When Does Giving Them a Hard Time Pay Off?

One of the fundamental principles of modifying behaviour you don’t want is that you reward the behaviours you most want to encourage.

Yet many partners of workaholics work against this principle.

Picture this;-

A wife or husband wants to spend more quality time with their partner. They are tired of feeling left out and on their own. They are feeling frustrated, lonely and fed up. Underneath, the emotions are bubbling away until the spouse arrives home.

All the negative emotions are like the lava bubbling away beneath the surface of the volcano which will come rushing to the surface and explode.

The workaholic is greeted by lots of complaints about how they never come home early enough, are inconsiderate, thoughtless etc etc etc. Or when they meet an atmosphere cold enough to freeze water and responses are monosyllabic and restricted to polite pleasantness.

Whilst I do understand how partners feel and they feel they need to offload, it is a flawed approach.

Know, you know that if you always do what you have always done, you will always get what you have always got.

Your approach so far has not worked. Your partner is still a workaholic.

Why not try a completely different approach, not just one but consistently over time.

Reward your partner for coming home.
Welcome them with open arms.
Make them feel special.
Make their coming home and giving you time and attention one which is so good they will want to repeat it.
Remember that they are likely to feel stressed and tired so give them time to unwind.
Welcome them home unconditionally. Let them know how pleased you are to see them.
Positive praise and encouragement is the order of the day but it must come from the heart and not seem patronising and mechanistic.
Give them space to wind down and let them know that what you are doing.
‘Bought you a cup of tea – have some time to yourself and then lets ………’

You could argue that you have needs to and why should you put theirs first. It all depends what you really want. If it is for your partner to leave the job for the day to come home there must be a positive pay off.

Remember all this happens at a sub conscious level. Work is providing them with, at least 3, if not more, of their basic needs. Certainty, uncertainty, variety, significance, love and connection, growth and contribution at a higher level. Finding those needs at home positively gives you the very best chance to break the cycle.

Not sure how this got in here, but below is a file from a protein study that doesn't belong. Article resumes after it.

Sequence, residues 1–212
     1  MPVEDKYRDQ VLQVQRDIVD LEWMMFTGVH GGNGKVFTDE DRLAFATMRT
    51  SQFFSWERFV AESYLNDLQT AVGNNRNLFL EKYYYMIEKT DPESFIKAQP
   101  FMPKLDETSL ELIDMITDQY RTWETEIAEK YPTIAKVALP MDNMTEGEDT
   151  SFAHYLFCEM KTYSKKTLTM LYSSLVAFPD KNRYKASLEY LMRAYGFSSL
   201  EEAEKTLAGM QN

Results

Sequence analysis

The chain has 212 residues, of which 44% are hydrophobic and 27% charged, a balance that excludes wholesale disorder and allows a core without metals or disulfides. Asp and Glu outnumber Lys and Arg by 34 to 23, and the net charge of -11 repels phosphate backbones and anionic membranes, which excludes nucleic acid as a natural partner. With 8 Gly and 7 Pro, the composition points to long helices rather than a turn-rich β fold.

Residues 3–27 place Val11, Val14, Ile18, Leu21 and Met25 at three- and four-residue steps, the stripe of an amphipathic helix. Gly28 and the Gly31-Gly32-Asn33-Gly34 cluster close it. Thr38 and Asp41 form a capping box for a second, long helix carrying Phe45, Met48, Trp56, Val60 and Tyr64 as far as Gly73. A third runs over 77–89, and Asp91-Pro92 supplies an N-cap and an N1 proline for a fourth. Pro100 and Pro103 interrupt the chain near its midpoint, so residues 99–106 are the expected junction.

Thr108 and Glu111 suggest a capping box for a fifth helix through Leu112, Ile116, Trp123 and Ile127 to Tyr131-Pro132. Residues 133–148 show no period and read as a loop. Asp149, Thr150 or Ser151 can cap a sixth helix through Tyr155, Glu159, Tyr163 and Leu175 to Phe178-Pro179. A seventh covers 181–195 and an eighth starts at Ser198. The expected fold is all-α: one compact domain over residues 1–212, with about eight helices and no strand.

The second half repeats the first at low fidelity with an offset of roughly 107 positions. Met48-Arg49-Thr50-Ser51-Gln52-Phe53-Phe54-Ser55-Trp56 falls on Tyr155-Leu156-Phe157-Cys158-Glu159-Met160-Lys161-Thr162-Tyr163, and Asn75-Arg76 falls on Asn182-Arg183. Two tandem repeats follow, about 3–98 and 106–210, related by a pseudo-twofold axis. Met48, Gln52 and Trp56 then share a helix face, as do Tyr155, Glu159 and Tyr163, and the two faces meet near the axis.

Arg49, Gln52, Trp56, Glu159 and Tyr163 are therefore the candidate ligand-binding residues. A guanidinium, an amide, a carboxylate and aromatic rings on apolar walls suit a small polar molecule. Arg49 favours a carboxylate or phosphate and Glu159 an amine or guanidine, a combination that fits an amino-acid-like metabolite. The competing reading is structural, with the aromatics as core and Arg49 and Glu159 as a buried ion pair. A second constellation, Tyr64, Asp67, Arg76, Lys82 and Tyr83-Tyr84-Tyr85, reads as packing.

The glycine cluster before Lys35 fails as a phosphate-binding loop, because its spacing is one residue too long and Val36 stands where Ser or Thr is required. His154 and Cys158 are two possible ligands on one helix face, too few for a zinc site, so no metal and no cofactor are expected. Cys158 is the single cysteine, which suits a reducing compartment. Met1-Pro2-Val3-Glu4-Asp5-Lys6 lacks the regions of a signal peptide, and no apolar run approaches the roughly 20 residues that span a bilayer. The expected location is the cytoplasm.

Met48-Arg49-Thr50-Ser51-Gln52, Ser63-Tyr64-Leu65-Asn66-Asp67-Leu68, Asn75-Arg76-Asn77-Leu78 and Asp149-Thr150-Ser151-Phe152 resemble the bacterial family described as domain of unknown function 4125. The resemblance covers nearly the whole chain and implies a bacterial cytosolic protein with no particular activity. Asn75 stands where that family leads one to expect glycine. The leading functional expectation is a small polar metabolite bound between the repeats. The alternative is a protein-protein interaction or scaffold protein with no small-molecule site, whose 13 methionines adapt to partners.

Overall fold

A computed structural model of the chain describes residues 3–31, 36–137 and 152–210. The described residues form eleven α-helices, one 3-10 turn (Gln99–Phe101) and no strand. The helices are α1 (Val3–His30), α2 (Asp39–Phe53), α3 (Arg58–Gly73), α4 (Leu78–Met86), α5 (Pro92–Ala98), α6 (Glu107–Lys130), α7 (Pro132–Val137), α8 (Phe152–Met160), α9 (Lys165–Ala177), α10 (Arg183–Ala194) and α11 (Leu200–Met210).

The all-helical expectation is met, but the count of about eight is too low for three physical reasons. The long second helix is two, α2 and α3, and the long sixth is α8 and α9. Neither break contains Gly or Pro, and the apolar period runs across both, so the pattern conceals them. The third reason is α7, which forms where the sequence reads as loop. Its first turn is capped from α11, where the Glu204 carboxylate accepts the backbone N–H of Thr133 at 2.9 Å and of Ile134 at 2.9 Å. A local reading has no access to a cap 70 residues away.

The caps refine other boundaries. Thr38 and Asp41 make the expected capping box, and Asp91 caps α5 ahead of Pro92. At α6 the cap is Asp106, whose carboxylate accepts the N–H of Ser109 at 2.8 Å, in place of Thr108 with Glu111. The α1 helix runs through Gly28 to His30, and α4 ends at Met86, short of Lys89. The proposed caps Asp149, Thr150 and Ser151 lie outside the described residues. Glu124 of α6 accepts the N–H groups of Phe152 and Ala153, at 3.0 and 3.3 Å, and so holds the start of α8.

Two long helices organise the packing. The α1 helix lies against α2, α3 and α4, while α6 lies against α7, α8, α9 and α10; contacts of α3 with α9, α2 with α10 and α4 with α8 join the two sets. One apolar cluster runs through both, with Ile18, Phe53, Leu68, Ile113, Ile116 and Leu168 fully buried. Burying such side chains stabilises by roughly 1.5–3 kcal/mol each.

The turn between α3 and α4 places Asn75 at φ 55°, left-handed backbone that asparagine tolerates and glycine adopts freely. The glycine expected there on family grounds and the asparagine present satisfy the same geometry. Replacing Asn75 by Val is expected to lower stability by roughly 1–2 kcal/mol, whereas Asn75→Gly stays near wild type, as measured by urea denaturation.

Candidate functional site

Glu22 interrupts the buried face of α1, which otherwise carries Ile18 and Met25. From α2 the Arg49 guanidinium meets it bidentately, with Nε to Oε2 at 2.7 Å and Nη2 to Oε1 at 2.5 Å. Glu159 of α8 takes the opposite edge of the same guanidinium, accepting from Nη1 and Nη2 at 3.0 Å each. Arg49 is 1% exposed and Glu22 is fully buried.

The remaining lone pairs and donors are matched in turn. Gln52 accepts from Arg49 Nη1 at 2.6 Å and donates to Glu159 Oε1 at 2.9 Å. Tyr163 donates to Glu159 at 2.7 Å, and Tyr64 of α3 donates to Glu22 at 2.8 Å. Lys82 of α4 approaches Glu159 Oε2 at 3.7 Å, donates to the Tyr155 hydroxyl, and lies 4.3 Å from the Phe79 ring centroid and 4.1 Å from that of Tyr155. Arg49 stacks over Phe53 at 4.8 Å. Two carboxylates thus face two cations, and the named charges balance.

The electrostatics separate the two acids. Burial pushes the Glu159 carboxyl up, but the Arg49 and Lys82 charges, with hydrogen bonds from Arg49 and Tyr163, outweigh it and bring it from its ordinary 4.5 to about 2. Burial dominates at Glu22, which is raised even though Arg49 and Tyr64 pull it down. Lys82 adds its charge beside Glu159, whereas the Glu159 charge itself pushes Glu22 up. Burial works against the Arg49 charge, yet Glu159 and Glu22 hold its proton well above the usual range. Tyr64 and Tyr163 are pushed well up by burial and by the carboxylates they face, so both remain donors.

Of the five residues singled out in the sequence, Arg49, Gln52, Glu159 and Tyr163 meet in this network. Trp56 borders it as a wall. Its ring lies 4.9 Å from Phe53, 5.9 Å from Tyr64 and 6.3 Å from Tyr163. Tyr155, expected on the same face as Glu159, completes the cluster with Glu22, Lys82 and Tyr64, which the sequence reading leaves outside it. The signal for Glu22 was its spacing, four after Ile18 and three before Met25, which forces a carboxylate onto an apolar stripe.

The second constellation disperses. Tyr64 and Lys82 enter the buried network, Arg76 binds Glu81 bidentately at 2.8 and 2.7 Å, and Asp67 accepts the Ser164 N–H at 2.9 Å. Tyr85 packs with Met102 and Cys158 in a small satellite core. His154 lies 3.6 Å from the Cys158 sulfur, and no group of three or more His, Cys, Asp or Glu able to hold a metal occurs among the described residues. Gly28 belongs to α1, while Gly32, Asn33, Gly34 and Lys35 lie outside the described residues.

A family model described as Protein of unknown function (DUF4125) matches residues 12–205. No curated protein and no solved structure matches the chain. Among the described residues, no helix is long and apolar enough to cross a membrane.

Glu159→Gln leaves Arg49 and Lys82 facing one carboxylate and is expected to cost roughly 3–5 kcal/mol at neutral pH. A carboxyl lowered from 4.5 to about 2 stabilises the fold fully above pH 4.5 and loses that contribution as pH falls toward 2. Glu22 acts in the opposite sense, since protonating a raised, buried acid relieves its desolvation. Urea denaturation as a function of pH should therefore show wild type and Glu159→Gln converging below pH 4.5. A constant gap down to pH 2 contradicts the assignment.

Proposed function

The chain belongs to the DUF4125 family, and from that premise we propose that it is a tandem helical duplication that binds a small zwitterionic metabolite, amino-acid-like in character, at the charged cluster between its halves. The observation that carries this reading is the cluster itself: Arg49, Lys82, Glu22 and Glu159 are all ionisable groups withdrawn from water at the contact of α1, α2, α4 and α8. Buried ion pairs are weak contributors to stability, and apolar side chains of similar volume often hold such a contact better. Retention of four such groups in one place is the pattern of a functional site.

If they feel that home life gives them certainty you can meet one need. Certainty that they are loved and that they have a place.
Creating variety in their life – is important – recreating that time when you were first together, rather than uncertainty around the mood they will find you in.
Making them feel significant for the right reasons rather than because they have let you down and are made to feel a failure.
Showing them unconditional love where you give without expecting any return for your love. There is no room for horse trading.
Working together on growing your relationship, learning together, doing different things.
Help them to see what a positive contribution to your relationship, the family and you.

Is is not a magic cure, but then you reinforce positive behaviours, and there will be a pay off. Focusing on watching for when they do something right, rather than when they do something to upset you, also changes your mind set. Look for small wins to begin with and don’t expect a miracle overnight.

This process works really well with children and work colleagues too!


Author's Bio: 

Gina Gardiner is one of the UK's leading Leadership Coaches.
Gina supports people at individual or organizational level to develop confidence, leadership and people skills. Gina is the author of two books “Kick Start Your Career” and “How YOU Can Manage Your Staff More Effectively and is also a Neuro Linguistic Master Practitioner and a qualified coach.
To download her free management ecourse...http://graduatesolutions.co.uk